Hair Care by the Water

We all know someone that would rather cool down by the water without jumping in to avoid getting their hair wet. But if you’re anything like me, you would happily jump in at the first sight of a pool or beach!

The reality of being ‘water-happy’ is that your hair will suffer the consequences.

If we have to take our pick, fresh water from a river or a lake is the least damaging amongst all water sources. But, just by virtue of being wet, strands are 3 times weaker and more prone to breakage. In addition, chlorine found in pools or salt from the ocean might leave your hair like a shipwreck.  

The Effect of Chlorine on The Hair

Overexposure to chlorine damages the cuticles, making the hair brittle. 

In some cases, hair may even turn greenish because of the effect of mixing copper – a metal found in pool water – and chlorine which forms a thin film-like substance that sticks to the protein of the hair.  

The Effect of Sea Salt Water on The Hair 

Salt water has a dehydrating effect on the strands. They dry up due to evaporation of the moisture that is stored in them when submerged in salt water. It also dries up the scalp and makes it flaky. 

How to Protect Your Hair

However, you can enjoy your time in the water and feel confident that your hair can be protected from these negative effects. 

Here are some of the best kept secrets to protect your hair before and after diving into the water:

Soak your hair 

First of all, wet your hair before going for a swim. If you’ll be swimming in the ocean or a pool, soaking your hair with fresh water will prevent the strands from absorbing too much salt or chlorinated water because there won’t be much room left inside the strands. Also, this will make it easier for you to apply protective serums. 

Use protection

Apply  a silicone-free leave-in conditioner evenly, from the roots all the way to the ends. The ideal pH level of a protective cream or serum should be between 3.9 – 4.6 to close the cuticles and protect the hair shaft. A natural alternative is to use oils like argan or olive oil to protect the hair with a thin layer around the strands. However, you’ll also want to use something that doesn’t contaminate the water, read all the ingredients in the products you’re using and make sure they are safe for underwater life.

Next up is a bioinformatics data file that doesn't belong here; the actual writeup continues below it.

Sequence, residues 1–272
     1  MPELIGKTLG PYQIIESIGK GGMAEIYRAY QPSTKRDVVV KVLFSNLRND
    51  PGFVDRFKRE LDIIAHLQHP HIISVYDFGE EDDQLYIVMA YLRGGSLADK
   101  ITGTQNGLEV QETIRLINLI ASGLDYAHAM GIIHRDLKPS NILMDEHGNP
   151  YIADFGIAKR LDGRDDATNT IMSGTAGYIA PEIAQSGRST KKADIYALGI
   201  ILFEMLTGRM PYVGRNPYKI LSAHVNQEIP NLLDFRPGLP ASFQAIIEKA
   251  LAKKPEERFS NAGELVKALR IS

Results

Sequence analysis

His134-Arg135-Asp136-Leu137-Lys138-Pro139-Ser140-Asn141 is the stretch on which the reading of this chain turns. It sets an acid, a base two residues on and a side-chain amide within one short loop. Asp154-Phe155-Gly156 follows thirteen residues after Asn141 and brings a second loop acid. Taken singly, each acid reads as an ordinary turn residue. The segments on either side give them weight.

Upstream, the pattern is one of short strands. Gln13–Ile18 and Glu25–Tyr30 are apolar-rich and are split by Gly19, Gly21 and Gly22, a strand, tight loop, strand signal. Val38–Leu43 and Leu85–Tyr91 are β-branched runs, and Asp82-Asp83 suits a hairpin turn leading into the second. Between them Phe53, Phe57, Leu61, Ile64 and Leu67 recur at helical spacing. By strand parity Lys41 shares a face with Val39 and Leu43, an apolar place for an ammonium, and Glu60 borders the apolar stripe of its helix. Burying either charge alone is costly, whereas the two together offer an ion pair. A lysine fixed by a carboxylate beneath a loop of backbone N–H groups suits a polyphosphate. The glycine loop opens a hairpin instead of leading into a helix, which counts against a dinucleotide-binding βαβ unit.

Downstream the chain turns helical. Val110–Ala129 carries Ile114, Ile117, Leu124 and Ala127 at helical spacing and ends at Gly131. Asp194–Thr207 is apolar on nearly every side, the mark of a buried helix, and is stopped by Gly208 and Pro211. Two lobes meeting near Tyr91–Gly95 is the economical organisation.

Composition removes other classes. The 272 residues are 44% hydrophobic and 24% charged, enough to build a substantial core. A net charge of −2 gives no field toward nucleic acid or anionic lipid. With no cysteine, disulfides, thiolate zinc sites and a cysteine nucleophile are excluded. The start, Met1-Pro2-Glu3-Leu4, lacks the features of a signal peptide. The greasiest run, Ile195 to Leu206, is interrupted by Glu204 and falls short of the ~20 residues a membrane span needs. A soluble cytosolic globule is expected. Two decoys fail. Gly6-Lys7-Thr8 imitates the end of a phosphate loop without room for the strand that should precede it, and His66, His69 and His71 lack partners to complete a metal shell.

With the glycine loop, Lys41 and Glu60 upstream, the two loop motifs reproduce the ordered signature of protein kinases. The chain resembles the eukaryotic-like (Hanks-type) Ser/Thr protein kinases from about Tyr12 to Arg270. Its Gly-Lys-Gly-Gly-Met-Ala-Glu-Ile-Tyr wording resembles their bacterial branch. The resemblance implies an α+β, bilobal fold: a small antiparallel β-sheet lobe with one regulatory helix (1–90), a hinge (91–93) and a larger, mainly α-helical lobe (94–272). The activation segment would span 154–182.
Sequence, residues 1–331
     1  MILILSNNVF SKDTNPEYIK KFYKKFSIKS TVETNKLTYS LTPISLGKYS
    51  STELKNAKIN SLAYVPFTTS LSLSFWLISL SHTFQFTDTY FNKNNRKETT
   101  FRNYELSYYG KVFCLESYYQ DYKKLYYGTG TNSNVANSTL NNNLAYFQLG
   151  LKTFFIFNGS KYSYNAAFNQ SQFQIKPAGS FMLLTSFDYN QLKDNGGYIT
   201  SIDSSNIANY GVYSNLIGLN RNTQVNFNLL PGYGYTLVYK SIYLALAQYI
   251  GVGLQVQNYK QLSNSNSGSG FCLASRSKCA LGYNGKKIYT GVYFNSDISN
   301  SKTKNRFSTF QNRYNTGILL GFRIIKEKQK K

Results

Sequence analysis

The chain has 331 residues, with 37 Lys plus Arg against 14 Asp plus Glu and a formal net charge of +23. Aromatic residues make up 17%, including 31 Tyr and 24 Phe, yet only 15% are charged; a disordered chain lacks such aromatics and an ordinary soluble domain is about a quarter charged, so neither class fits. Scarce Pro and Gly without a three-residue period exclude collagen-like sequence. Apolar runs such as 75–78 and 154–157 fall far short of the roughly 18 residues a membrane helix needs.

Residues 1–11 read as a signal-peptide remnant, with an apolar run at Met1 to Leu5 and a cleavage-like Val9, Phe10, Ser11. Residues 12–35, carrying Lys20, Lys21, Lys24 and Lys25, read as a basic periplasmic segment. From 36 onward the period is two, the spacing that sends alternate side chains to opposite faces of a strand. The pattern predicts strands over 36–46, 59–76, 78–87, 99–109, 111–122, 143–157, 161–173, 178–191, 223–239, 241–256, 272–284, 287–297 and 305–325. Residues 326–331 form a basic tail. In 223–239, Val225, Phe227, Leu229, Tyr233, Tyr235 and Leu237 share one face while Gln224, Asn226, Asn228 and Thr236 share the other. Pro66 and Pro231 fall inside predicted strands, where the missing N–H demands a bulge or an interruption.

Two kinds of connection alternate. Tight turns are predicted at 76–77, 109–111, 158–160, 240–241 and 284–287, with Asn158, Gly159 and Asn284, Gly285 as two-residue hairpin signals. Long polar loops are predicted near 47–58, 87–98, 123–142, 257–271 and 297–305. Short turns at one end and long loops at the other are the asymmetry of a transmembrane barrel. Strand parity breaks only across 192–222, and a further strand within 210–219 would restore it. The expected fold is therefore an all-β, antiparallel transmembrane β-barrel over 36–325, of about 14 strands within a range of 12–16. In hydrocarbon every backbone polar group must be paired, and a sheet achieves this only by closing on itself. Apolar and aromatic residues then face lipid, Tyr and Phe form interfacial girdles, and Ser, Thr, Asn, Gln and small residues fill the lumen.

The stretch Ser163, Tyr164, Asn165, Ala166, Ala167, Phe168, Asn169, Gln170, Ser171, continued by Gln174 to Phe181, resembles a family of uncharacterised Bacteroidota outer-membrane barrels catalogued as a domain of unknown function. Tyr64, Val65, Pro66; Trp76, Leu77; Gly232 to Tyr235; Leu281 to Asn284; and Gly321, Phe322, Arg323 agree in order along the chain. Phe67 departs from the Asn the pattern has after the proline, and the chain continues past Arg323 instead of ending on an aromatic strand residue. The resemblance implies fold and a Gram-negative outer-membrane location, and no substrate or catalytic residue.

Keep it together

Braid your hair or tie it in a bun to prevent breakage or additional damage when swimming around. As mentioned before, when hair strands absorb water, they become 3 times more delicate than when they are dry.

Hair Care After Swimming

Rinse thoroughly

If it’s a hair washing day, fantastic! Pay extra attention to your scalp. If you don’t want to wash with shampoo, try co-washing to clear the chlorine or salts and dirt from the ocean.

ATTENTION! If you swim daily or very regularly, we don’t recommend washing your hair with shampoo daily as it will be more damaging for your hair. 
Pool or ocean + daily shampooing = definite damage. 

Co-Wash Conditioner


Gain back any lost moisture

Apply a moisturizing treatment between shampooing and applying conditioner to regain any lost moisture caused by the salt and the heat. Look for a hair mask that contains moisture-locking ingredients such as pro-vitamin B5, sugar, and sweet almond or olive oil.  

Moisture Treatment


Cold finish

After cleansing your hair and scalp with shampoo and/or conditioner, finish by rinsing off any leftover product with cold water to leave it shiny and soft.

Make sure you are giving your hair exactly what it needs, when it needs it by following your Hair Routine. You can start by completing our online test HERE to receive a calendar and guide on how to treat your hair with specific instructions. 



Images: Elderly women in the swimming pool at the Century Village Retirement Community February 1975 in West Palm Beach, Florida, by Flip Schulke.